Song to Song. Rooney Mara might be the best dizzy princess Malick’s ever had. This one also has some of the best music. It’s also one of the few Malick’s to ever make me laugh multiple times. I was surprisingly swept up for the first hour or so. And yet… the staying power wasn’t there for me. Still good, though.
Updated Terrence Malick power rankings:
- Days of Heaven (as if!)
- The New World
- The Thin Red Line
- The Tree of Life (maybe one spot higher?)
- Song to Song
- To the Wonder
- Knight of Cups
That is a solid body of work.
A Ghost Story. I loved this movie. I will probably put it on my favorites-of-2018 list. I like this view of ghosts as sort of outside of time, in both directions. Ghosts as unfinished business. Ghosts with flaws and hang-ups. And the idea that places are saturated with history, and by the same token history isn’t just events in time but in a space. Solid soundtrack, too.
Her. Third viewing. Just as compelling as the first time, though these days the hook seems more unlikely and even more unappealing. Filed under: Spike Jonze.
Kubo and the Two Strings. Absurdly gorgeous for stop-motion animation. I’m so impressed. The plot drags at times, but always dazzling in some way or another.
Carol. I feel like there’s enough there for me to like it more than I do, but it wasn’t for me. I don’t regret watching Blanchett and Mara for a couple hours, though.
The Girl with the Dragon Tattoo. I loved the trippy oozy music video opening. Seemed like they were trying to kick off a brand. (I’m glad Fincher didn’t get sucked into a trilogy though). Dunno. It’s good. A little cold. Might as well try some David Fincher rankings. I’ll go with…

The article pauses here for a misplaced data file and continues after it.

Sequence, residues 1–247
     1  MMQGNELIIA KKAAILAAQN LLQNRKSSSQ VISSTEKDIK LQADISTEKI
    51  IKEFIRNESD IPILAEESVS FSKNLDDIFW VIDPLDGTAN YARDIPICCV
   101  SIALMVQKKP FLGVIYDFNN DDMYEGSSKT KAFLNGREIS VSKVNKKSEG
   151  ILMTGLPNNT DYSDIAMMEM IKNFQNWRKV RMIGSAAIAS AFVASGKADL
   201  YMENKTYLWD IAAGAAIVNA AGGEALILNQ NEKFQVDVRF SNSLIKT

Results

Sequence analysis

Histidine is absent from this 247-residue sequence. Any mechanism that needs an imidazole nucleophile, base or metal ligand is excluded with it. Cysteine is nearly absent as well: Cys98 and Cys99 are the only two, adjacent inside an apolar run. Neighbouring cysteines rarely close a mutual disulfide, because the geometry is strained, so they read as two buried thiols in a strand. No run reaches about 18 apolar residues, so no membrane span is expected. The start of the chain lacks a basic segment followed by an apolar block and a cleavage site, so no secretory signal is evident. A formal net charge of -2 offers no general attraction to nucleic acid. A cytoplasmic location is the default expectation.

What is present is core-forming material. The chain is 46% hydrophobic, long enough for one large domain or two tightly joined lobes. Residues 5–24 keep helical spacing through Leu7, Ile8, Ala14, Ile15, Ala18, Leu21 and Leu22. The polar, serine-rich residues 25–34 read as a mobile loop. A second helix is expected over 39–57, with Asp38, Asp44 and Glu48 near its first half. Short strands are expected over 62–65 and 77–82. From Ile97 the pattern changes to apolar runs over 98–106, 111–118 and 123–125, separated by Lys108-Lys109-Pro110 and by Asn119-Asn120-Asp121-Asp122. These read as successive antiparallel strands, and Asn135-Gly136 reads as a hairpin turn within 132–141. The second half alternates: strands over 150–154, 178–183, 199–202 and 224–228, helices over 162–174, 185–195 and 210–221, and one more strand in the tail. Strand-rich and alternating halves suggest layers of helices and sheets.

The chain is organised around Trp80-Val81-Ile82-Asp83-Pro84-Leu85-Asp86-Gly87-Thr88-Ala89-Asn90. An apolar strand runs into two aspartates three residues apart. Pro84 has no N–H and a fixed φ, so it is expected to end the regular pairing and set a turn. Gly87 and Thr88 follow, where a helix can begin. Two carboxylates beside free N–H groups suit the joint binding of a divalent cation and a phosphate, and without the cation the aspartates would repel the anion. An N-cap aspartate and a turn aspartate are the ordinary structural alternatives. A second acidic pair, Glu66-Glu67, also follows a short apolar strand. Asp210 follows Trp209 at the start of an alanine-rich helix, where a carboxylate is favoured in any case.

- The Social Network
- The Girl with the Dragon Tattoo
- Fight Club
Her. I still like it! (Previously.)
Her. I expected to love it, I did, and I still was pleasantly surprised with some of the mordant humans-are-screwed humor and the science-fiction-y, speculative thoughtfulness. It’s pretty wonderful. Shout-out to movies that rely on conversation and subtle music. Also neat to see a movie set in the comfortable future – nothing crazy here, just a few plausible tweaks that have had some time to settle in. Some of the writing and face-acting didn’t work for me, but for ideas and smarts, I will forgive many things. Also, seeing Joaquin Phoenix and Amy Adams on screen together again made me want to re-watch The Master.
Ain’t Them Bodies Saints. Really enjoyed this one. Love the soundtrack, trimmed down to strings and clapping. There’s some DNA of tense Texas slow-pursuit films like No Country for Old Men, crossed with strains of outlaw lover flicks like Badlands and parts of Days of Heaven.
Side Effects. I made this a Soderbergh-takes-on-controlled-substances double-feature with Traffic. Hitchcockian psycho-thriller here. It gets too clever in the final act, but I like that you see new facets of these characters all the way up to the end. I think his understated style helps manage those swings. Soderbergh can be pretty overt with his themes, especially with some side characters that are basically there for social commentary. The leads are strong, though. I totally forgot about the intro and did the jaw-drop forehead-slap thing with the kitchen scene. Good soundtrack tends to linger and push things along, like in Contagion.
And now to catch up on rankings for all the Soderbergh movies I’ve seen:
- Out of Sight
- Magic Mike
- The Girlfriend Experience
- The Informant!
- Ocean’s Eleven
- Side Effects
- Ocean’s Twelve
- Ocean’s Thirteen
Seriously, what a great director. I don’t think you can credibly use the word “mediocre” or even “average” about any of those movies until you get down to number 10 or 11 maybe.